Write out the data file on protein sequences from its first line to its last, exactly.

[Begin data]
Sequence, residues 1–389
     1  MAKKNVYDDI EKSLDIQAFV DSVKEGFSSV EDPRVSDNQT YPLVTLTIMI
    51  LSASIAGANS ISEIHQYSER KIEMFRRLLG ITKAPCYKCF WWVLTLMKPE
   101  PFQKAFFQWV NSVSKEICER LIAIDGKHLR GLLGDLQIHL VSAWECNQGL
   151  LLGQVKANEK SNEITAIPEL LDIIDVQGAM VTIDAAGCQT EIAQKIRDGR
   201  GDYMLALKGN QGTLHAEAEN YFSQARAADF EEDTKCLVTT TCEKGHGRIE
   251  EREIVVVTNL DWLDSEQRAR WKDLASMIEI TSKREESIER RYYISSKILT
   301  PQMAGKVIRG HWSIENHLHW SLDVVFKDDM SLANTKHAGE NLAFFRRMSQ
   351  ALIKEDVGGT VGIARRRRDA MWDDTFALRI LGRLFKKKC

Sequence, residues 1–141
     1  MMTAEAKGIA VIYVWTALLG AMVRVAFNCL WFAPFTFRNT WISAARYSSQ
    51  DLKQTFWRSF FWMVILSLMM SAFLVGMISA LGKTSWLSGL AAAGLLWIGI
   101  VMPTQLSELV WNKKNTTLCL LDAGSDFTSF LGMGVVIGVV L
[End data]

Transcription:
Sequence, residues 1–389
     1  MAKKNVYDDI EKSLDIQAFV DSVKEGFSSV EDPRVSDNQT YPLVTLTIMI
    51  LSASIAGANS ISEIHQYSER KIEMFRRLLG ITKAPCYKCF WWVLTLMKPE
   101  PFQKAFFQWV NSVSKEICER LIAIDGKHLR GLLGDLQIHL VSAWECNQGL
   151  LLGQVKANEK SNEITAIPEL LDIIDVQGAM VTIDAAGCQT EIAQKIRDGR
   201  GDYMLALKGN QGTLHAEAEN YFSQARAADF EEDTKCLVTT TCEKGHGRIE
   251  EREIVVVTNL DWLDSEQRAR WKDLASMIEI TSKREESIER RYYISSKILT
   301  PQMAGKVIRG HWSIENHLHW SLDVVFKDDM SLANTKHAGE NLAFFRRMSQ
   351  ALIKEDVGGT VGIARRRRDA MWDDTFALRI LGRLFKKKC

Sequence, residues 1–141
     1  MMTAEAKGIA VIYVWTALLG AMVRVAFNCL WFAPFTFRNT WISAARYSSQ
    51  DLKQTFWRSF FWMVILSLMM SAFLVGMISA LGKTSWLSGL AAAGLLWIGI
   101  VMPTQLSELV WNKKNTTLCL LDAGSDFTSF LGMGVVIGVV L